Aspire Food Group, which has facilities in both Canada and the United States, has announced that it has completed its construction of the world’s largest cricket production facility.
The facility will be able to produce 9,000 metric tonnes of crickets every year for “human and pet consumption,” amounting to roughly two billion crickets.
The food group says that it already has orders for the next two years.
“Crickets are currently being explored as a protein-rich superfood. They contain fibre and are already found in grocery stores and restaurants, and have a smaller environmental footprint than traditional protein sources,” reports Canadian Manufacturing.
Cricket consumption is also a part of a popular online conspiracy theory and meme, “I Will Not Eat the Bugs.”
The theory states that crickets and other insects are being prepared for the public to consume due to food shortages, which may or may not be planned. The theory also suggests that humans will be convinced the eat bugs because of the environmental impact that factory farming has.
World leaders have played some part in scaring the public, with recent statements from the likes of President Joe Biden, who said in March “With regard to food shortages. Yes, we did talk about food shortages. And, and it’s gonna be real.” Canadian Prime Minister Justin Trudeau made similar statements in April.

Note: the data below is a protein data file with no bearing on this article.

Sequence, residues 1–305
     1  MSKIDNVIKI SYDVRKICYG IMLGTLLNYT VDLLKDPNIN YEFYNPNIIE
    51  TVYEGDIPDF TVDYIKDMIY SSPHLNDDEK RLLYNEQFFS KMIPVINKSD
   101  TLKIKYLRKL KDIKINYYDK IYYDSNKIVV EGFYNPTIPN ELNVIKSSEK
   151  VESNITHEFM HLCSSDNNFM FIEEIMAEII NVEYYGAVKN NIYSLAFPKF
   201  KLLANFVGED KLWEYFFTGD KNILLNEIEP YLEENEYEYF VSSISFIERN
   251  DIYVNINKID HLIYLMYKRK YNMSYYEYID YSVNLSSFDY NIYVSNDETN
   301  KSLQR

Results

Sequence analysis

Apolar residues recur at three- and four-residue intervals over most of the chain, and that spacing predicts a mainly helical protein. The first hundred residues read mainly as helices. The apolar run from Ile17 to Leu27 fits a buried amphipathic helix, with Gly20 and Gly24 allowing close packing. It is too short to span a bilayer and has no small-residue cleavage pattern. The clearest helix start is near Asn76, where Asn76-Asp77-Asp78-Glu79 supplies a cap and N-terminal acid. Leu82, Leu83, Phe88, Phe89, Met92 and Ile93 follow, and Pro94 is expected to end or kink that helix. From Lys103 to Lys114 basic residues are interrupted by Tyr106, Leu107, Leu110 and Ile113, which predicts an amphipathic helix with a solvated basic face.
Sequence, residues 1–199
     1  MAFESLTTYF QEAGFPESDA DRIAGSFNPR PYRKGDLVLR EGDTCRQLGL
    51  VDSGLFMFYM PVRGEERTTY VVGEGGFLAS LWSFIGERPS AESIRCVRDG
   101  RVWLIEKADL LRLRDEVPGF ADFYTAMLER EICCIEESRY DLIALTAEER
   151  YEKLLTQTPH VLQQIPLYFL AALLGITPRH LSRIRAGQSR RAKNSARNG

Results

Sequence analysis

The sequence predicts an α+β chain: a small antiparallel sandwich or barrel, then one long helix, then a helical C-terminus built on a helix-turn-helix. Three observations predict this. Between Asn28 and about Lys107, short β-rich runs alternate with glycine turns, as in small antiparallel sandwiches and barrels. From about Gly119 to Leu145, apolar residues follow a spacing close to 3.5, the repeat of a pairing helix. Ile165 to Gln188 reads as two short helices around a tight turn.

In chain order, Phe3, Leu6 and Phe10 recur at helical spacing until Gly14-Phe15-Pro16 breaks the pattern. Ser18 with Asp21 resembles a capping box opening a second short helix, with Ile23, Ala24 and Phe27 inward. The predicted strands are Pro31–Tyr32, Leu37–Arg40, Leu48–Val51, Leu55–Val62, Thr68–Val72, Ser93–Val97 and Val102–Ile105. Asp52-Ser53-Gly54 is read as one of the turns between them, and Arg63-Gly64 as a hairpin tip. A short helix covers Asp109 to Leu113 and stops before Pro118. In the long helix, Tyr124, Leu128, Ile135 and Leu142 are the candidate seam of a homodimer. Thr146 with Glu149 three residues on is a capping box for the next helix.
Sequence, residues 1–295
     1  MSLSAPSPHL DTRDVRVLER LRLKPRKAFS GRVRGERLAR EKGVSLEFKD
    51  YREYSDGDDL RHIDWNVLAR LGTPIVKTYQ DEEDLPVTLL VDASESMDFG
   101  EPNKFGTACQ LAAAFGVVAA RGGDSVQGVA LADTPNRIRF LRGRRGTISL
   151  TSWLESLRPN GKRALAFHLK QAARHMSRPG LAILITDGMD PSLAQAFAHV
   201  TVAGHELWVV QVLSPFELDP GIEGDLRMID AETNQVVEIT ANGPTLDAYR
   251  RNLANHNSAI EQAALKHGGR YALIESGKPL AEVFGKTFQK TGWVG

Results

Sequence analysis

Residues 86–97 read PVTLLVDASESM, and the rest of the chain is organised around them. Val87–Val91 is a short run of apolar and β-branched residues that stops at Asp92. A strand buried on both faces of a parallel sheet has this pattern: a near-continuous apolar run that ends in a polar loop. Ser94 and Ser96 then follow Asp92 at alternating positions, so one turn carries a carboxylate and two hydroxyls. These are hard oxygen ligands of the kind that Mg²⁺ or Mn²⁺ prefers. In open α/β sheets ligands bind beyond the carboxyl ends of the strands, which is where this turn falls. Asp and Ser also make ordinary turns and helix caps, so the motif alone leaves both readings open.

Recent articles arguing for the consumption of crickets include the Toronto Star’s article from three weeks ago, “Tech update: Combating food insecurity with AI and crickets, and Canada’s top AI ventures,” which discusses Aspire Food Group, a Daily Mail article titled “Scientists plan to feed primary school children crickets and mealworms to make the UK greener,” and a December Bloomberg article titled “Crickets, Mealworms and Grasshoppers Are Human Food, EU Says” which states that “Insects [are] seen as an alternate source of protein to animal meat.”
That article states that European member states approved house crickets, yellow mealworms, and grasshoppers as “novel foods” which provides regulation for them to be brought to market. The European Commission has said that there are nine approval applications for insects of other kinds.
Reporting from The Post Millennial.